Yet Millennials are still looking for purpose in decidedly material places—the jobs they work and the brands they buy.
According to a December 2017 survey published by American Express, three out of every four Millennials in four developed countries—the U.S., U.K., Germany and France—said successful companies in the future will have “a genuine purpose that resonates with people.” The U.S. was highest, with four out of five Millennials saying they want purpose at their employer.
Zappos, which the company that pioneered selling upscale shoes online, defines its purpose as “delivering happiness to the world.” This higher calling of happiness enables Zappos employees to select which products to sell and to wow customers with incredibly convenient and pleasant service. Zappos’ purpose-filled culture has been so attractive that, even after the company began offering new hires $3,000 apiece NOT to work at Zappos, 96 percent of them refused to take the money. They wanted to be part of the purpose.
People also want to buy from companies that have a lager mission. In 2015, Nielsen surveyed 30,000 online consumers in 60 countries and found that two out of every three—66 percent—are willing to pay higher prices for products and services that come from companies that are committed to what they view as positive social and environmental impact.
People want to sit down and order up purpose and values, but the beliefs our culture holds puts only material choices on the menu. And those don’t satisfy.
The pursuit of purpose shows a desire among people to be part of something bigger than themselves—an environmental cause, a mission to make the world happy, a movement to improve health or well-being among millions of people.
The problem is, people in developed countries are less likely than ever to be part of institutions. And even when they are, they strongly prefer ones filled with people who reinforce their own identity as individuals.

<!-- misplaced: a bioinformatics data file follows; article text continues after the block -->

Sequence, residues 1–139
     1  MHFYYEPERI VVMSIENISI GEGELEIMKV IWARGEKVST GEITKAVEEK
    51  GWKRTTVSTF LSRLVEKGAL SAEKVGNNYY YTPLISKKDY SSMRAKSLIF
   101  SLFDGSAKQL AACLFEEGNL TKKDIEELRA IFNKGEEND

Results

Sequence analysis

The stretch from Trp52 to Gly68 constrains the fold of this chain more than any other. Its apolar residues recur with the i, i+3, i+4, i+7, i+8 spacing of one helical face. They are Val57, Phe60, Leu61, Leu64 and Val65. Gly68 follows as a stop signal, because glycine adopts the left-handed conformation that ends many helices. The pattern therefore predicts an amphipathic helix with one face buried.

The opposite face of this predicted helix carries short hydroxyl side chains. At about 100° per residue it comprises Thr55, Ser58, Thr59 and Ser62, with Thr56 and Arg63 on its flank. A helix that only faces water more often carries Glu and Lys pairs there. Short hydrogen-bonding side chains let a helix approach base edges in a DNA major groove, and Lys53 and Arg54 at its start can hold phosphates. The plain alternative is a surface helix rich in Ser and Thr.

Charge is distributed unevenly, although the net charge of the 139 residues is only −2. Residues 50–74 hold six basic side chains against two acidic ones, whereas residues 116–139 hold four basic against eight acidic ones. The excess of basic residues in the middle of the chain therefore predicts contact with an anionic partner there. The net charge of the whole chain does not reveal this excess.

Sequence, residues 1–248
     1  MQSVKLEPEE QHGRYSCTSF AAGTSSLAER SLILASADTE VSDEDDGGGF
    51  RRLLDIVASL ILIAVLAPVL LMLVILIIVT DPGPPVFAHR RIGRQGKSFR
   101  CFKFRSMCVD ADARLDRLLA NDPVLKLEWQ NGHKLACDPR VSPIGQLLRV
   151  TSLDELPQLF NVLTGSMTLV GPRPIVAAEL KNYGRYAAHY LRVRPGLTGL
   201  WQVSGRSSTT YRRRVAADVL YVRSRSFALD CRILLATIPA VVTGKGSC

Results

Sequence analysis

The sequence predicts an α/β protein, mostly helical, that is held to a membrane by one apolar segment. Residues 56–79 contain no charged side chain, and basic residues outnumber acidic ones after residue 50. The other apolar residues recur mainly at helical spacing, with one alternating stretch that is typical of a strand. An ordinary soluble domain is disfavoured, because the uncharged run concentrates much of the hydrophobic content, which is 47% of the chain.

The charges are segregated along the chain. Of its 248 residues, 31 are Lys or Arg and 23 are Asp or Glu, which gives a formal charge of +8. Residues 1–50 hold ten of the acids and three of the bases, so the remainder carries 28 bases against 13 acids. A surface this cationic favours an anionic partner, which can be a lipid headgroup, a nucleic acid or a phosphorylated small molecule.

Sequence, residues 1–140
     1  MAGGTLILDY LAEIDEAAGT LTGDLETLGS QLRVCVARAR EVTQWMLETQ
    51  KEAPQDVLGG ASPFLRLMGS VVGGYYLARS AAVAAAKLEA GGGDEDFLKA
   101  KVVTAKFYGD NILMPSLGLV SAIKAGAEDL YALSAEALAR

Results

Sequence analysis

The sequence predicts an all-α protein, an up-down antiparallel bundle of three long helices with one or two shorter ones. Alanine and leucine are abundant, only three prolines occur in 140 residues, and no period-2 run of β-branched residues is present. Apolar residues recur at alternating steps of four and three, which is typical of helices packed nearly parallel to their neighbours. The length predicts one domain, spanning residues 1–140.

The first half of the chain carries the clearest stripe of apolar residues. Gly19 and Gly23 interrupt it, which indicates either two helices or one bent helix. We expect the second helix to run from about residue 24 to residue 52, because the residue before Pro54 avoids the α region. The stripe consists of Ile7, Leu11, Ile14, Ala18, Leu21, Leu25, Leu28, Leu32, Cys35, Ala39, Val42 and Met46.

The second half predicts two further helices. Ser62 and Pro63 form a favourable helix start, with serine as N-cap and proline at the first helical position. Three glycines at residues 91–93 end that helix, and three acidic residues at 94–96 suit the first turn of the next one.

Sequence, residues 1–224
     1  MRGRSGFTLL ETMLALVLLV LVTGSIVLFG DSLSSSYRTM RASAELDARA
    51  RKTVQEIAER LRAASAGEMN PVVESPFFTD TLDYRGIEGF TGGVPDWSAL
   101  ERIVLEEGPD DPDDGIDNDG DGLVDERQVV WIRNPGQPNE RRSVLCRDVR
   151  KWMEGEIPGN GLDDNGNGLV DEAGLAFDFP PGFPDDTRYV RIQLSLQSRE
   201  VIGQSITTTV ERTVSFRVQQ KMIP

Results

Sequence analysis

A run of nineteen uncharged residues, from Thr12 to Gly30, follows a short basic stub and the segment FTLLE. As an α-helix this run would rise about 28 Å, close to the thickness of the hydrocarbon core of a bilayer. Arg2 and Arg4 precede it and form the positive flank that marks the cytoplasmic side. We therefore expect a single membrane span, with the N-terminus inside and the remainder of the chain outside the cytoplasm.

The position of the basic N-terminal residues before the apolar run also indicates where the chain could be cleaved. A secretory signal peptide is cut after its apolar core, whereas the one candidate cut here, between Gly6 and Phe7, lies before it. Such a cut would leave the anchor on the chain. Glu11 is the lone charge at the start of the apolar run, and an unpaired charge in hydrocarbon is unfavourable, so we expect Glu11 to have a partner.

In the American Express survey, an identical percentage of people as who wanted purpose in their employer also wanted their employer’s values to match theirs. So their sense of a “genuine purpose” is one that matches their own individual values.
But the true power of purpose is that it connects our lives to something larger than ourselves, something bigger than our own values. Individual empowerment can never do that.
The good news is that being followers of Christ gives us exactly this kind of purpose. Being a Christian means that our entire life is part of the glory of God. The mere fact that we exist glorifies God. And now that we are in Christ, he works in us to make our actions also glorify God.
This includes even our most mundane actions—like having breakfast, lunch and dinner. It also includes our work—whether that’s at the office, the factory, the store or the home. As the Apostle Paul wrote in 1 Corinthians 10:31, “So, whether you eat or drink, or whatever you do, do all to the glory of God.”
A critical part of God’s glory is Christ’s work to build His church and through it to overcome evil. (Matt. 16:18) All Christians—through whatever work we do—are part of that larger project.
The glory of God, the building of Christ’s church—those are purposes that, truly, give meaning to life.